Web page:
Neff’s Canyon Cave – 2001

| June 24, 2018

When I first heard of Neff’s cave in about 2000, it was considered one of the deepest caves in North America.  Since then, I think deeper caves have been discovered in the US, but at 1,165′ deep, Neff’s is definitely still an adventure.

Bombs away….  Mark Holbrook at the gate and in the first few feet of the cave.  Right away, you have to slither past a section of sharp fins that would be impossible to haul an injured person through.

This was the first big cave I had ever done and one of the harder parts was just finding the entrance to it, which took a group of us about three days to ferret out.  The cave rightfully has a gate and lock on it and getting the key required a capabilities interview from the key holder, but aside from that, there was no other information on it.  The secrecy seemed like overkill before we went down in the cave, but afterwards it made good sense – a serious injury, like a broken leg, would be close to impossible to extricate as the passages are so narrow and twisty.

Hydration is an important part of caving.

Unlike some of the big, spectacular caves you see pictures of in National Geographic with Gothic stalactites and stalagmites,  Neff’s is more like an underground version of something like the Y-Couloir.  Most of it trends downward at about a 45 degree angle with lots of 20-50′ drops and one spectacular 100′ plus drop right through the center of a domed roof into Goodro’s Pit.  Much of the cave involves scrambling over muddy bolders, squeezing through narrow slots or downclimbing in corners.  The easy part is getting down and getting out requires solid jumaring (rope ascender) skills.

Petra Pirc on her way down.  She isn’t completely covered in mud yet, so this must have been early on.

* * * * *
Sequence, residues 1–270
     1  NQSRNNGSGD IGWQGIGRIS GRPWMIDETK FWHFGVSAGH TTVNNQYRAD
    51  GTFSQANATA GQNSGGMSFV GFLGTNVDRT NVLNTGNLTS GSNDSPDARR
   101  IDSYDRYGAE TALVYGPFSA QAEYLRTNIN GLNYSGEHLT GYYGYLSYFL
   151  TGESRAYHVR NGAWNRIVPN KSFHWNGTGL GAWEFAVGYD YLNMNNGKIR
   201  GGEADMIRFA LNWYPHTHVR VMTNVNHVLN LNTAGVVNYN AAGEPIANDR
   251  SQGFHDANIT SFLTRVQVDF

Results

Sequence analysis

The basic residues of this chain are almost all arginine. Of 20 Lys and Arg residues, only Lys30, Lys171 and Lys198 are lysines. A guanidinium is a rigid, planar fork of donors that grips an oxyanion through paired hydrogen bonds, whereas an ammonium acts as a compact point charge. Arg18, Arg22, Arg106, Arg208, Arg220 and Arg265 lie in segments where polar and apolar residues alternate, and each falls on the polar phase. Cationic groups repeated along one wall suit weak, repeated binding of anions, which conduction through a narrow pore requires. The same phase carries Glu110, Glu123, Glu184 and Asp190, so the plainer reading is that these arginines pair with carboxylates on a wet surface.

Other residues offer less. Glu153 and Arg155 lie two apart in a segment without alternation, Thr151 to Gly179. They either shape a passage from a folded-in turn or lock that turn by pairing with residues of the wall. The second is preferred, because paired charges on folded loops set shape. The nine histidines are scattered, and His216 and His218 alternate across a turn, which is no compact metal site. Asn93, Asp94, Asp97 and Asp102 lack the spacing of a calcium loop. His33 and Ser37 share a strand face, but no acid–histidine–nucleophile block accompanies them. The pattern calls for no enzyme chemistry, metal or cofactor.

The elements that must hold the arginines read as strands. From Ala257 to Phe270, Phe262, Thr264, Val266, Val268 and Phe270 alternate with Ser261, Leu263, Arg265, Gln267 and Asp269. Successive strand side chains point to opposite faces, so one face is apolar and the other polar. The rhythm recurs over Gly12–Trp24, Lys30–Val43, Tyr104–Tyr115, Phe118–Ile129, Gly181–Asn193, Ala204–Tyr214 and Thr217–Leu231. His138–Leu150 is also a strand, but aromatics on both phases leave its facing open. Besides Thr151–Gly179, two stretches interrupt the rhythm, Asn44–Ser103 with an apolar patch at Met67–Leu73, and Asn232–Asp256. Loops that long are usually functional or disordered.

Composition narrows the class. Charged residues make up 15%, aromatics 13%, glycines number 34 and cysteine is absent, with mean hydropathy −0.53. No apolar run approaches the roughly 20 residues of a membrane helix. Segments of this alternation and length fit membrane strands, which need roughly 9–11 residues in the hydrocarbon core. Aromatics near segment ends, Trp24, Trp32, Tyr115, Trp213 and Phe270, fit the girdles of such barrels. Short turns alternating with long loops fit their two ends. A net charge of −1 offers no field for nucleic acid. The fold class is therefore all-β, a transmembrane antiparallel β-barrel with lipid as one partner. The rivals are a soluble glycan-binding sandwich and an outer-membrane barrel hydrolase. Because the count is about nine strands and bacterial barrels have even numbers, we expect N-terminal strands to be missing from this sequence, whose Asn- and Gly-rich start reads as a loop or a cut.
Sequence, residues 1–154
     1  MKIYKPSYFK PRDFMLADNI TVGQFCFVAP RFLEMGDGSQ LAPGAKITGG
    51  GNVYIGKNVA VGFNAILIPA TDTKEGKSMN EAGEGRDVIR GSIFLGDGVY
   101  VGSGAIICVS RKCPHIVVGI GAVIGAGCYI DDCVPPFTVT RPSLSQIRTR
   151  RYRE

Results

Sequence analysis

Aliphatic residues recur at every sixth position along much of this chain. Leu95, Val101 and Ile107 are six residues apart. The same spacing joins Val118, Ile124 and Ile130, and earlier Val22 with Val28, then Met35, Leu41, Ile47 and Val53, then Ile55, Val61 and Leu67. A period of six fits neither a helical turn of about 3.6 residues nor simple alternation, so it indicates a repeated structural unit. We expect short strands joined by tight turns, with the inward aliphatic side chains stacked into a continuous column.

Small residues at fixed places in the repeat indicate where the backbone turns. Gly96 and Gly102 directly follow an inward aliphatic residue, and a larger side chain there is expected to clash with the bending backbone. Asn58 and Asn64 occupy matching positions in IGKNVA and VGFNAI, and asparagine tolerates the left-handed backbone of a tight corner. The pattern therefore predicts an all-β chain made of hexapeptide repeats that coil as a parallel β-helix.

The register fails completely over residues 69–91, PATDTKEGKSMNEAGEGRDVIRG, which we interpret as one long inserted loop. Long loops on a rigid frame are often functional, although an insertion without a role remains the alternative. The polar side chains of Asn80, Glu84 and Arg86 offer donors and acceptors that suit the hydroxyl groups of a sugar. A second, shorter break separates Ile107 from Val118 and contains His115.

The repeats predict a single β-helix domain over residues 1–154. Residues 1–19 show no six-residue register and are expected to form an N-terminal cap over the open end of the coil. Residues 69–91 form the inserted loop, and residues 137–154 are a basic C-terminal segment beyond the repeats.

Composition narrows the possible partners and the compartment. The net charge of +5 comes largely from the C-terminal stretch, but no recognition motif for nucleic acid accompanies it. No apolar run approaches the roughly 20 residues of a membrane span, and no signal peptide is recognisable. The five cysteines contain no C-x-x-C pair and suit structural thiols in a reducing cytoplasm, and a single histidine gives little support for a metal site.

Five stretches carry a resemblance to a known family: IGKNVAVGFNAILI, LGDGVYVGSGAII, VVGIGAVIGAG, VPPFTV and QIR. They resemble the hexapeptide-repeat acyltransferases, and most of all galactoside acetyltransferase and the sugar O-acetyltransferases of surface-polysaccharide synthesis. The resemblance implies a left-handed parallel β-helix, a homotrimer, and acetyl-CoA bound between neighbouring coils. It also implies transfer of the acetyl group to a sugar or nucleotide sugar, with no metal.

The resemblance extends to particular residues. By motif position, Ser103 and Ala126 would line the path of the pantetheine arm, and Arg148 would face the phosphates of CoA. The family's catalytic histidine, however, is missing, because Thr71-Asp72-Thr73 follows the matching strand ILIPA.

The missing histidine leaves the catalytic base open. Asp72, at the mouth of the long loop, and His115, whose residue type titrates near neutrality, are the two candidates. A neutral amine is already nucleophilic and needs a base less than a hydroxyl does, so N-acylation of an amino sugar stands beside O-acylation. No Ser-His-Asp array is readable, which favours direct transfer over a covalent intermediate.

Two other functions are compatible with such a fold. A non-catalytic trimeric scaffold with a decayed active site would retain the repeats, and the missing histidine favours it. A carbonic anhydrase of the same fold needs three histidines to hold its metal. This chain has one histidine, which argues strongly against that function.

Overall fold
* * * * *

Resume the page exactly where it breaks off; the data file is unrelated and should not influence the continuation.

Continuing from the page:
I ended up doing the cave twice over a period of a couple of years.  Each time we had about six people and it took roughly 14 or so hours round trip.  You know you have reached the bottom as the cave constricts and ends at a roaring underground creek which would be one of the most graphic and horrifying deaths imaginable to get sucked into.  And like summit registers on mountain tops, caves have “plummet registers” which are the same idea – a sealed container where you can sign in.  Not that many people had signed the Neff’s register and I think nobody had done it in the intervening years between our first and second outing.

Mike Elgren, aka Elmo.  If you’ve ever dealt with Black Diamond Warranty, you probably know this guy.

For gear, we brought along at least twelve 60m rock climbing ropes, some nuts & cams, plus lots of slings.  For the most part, boulders can be slung for anchors and a series of small raps can all be strung together off of one rope.  As caving novices, we didn’t strategize our exit very well, so the last person out, me, ended up carrying most of the ropes, which was a complete cluster.  Eventually we figured out how to pass them forward, so the front people could take some of the load and bulk.  On our second journey into the cave, one team set all of the ropes and anchors, then climbed out and left them for a second team, which descended, then cleaned the gear on the way out.  This seemed like a good way to go as it was much faster and funner for both groups.

Jugging out with a wad of ropes.

Like ice climbing, spelunking takes a special breed of person to enjoy it.  I did a few other caves in Utah but the true motherlode is in places like Slovenia, a country which was described to me as being made of of Swiss Cheese.  Whereas Neffs is kind of cold, wet and muddy, the Slovenian caves are beautiful limestone and much more photogenic.

Mandatory butt shot.  Judging by the amount of mud, this must have been on the way up.  Caving is hard on clothing.

Neffs was first discovered around 1950 and was explored in sections over a number of years by a variety of people.  According to the Utah Grottos chapter of the National Speleological Society, the cave is 1,165 feet deep, 4,122 feet long and a chilly and damp 39 degrees Fahrenheit.

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Category: Trip Reports

About the Author ()

Andrew McLean lives in Park City, Utah and is a gear designer, writer, photographer, ski mountaineer, climber and Mountain Unicycle rider. He and Polly Samuels McLean are the parents of two very loud little girls.

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